June 3 (Bloomberg) -- Greece’s government said a review of the country’s economic progress by the European Union, International Monetary Fund and European Central Bank concluded “positively” today.
Discussions on fiscal plans, state asset sales and structural reforms were held during the review, according to an e-mailed statement from the Athens-based Finance Ministry. These plans will be submitted to Cabinet and then to Parliament in the coming days, it said.
With the fourth progress review complete, EU leaders will now focus on wrapping up a new bailout package to prevent the euro area’s first sovereign default. A year after the rescue that aimed to stop the spread of the debt crisis, Greece remains mired in recession, shut out of financial markets and saddled with the biggest debt load in the euro’s history. Moody’s Investors Service said June 1 that it sees a 50 percent chance of a Greek default.
The EU is considering a new aid package that includes a mix of new loans and Greece speeding asset sales and budget cuts. Holders of Greek bonds may also be asked to voluntarily rollover their debt as a way of shrinking the funding gap. The measures are due to be approved at a summit on June 23-24.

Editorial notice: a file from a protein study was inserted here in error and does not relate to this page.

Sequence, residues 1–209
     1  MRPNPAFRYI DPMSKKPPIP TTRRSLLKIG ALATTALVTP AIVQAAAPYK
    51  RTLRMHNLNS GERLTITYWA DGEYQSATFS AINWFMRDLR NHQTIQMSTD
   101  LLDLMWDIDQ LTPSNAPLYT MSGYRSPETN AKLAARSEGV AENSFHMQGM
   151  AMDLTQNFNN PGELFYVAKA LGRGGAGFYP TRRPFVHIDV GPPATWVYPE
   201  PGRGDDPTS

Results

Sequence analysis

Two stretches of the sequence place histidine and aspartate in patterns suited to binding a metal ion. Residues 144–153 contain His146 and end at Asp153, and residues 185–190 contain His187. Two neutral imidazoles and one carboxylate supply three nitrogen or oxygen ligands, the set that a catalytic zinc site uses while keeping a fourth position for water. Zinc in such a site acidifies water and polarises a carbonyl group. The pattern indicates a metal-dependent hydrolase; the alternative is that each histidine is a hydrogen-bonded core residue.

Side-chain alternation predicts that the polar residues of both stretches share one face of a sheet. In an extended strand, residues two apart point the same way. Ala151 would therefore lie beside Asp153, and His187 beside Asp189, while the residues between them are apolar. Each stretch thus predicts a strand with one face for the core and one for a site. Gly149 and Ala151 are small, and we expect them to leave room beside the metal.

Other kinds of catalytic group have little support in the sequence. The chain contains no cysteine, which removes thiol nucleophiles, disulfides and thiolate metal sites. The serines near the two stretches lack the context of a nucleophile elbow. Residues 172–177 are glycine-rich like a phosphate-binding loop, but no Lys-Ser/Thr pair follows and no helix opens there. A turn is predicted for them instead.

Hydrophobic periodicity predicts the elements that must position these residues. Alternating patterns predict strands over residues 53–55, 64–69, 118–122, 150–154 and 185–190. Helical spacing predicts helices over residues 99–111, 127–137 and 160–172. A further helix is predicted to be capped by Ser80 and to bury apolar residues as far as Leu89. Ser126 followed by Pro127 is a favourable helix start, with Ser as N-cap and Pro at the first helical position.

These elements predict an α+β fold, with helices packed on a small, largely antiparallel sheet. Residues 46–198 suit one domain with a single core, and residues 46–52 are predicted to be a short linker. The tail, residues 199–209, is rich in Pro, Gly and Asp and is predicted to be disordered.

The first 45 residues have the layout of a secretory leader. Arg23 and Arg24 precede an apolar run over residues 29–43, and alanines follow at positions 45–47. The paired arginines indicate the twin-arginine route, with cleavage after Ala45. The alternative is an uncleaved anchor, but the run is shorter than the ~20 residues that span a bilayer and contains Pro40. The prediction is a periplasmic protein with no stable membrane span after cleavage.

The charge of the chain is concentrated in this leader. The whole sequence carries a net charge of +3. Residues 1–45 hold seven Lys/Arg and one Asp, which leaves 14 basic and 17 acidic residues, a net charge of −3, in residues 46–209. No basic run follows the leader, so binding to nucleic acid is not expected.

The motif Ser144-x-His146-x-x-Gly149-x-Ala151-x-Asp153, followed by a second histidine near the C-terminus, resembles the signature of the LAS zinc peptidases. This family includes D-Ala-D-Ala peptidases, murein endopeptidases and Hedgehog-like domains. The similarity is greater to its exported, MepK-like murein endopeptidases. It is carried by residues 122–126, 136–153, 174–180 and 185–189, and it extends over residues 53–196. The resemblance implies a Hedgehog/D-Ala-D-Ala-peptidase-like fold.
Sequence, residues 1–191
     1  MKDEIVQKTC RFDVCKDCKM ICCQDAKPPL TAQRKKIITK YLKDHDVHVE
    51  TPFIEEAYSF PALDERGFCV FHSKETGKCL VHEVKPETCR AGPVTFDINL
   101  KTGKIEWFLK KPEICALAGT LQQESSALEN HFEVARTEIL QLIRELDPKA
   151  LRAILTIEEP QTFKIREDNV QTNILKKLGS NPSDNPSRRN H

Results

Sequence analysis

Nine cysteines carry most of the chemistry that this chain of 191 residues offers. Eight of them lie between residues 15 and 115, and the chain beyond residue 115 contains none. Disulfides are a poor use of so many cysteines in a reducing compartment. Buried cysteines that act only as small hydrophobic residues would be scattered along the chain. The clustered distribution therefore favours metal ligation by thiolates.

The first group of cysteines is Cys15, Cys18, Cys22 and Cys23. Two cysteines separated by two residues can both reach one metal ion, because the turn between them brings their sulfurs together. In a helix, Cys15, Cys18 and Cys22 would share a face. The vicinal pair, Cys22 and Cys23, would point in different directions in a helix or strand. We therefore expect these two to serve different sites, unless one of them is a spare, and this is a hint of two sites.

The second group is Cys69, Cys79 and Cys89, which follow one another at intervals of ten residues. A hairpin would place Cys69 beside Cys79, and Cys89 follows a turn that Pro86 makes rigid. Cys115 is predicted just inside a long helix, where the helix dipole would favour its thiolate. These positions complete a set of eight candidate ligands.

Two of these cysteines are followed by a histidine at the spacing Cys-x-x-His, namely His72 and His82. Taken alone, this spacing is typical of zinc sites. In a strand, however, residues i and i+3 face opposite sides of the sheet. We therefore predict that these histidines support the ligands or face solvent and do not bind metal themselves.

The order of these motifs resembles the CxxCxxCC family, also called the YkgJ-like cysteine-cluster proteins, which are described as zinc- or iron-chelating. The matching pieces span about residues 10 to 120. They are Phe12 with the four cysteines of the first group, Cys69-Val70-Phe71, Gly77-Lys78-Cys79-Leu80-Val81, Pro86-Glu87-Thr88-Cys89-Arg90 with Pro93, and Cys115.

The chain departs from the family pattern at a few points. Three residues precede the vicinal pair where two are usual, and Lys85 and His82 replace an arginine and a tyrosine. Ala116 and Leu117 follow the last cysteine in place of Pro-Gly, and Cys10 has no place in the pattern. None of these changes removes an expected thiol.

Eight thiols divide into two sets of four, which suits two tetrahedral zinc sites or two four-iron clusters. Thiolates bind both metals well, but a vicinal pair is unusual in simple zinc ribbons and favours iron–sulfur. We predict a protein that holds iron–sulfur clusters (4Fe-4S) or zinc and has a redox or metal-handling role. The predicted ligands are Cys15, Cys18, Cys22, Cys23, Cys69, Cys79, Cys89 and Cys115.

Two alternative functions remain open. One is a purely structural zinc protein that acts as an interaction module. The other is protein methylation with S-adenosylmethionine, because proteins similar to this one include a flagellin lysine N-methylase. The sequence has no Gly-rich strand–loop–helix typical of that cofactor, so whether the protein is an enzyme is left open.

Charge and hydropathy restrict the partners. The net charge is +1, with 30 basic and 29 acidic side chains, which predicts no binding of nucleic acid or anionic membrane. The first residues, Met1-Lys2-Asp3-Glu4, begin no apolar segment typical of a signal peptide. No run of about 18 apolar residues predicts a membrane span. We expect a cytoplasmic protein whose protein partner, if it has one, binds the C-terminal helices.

Approval of Greece’s efforts by the EU and IMF is needed to ensure payment of the bailout plan’s next instalment of 12 billion euros, due later this month. The team of inspectors, known as the “troika,” have been reviewing Greece’s progress in meeting the terms of the bailout since May 11.
Greece has vowed to trim the budget gap to 7.5 percent of gross domestic product this year after the shortfall came in at 10.5 percent last year. Fallout from Greece’s crisis led to a surge in bond yields of distressed euro-area nations and Portugal and Ireland have followed in seeking rescues.
Prime Minister George Papandreou’s wage and pension cuts and sales-tax increases in return for the emergency loans from the EU and the IMF have contributed to a slump in demand, with Greece’s economy shrinking an estimated 4.4 percent last year. The European Commission forecasts a 3.5 percent contraction this year, complicating efforts to boost revenue enough to bring down the deficit.
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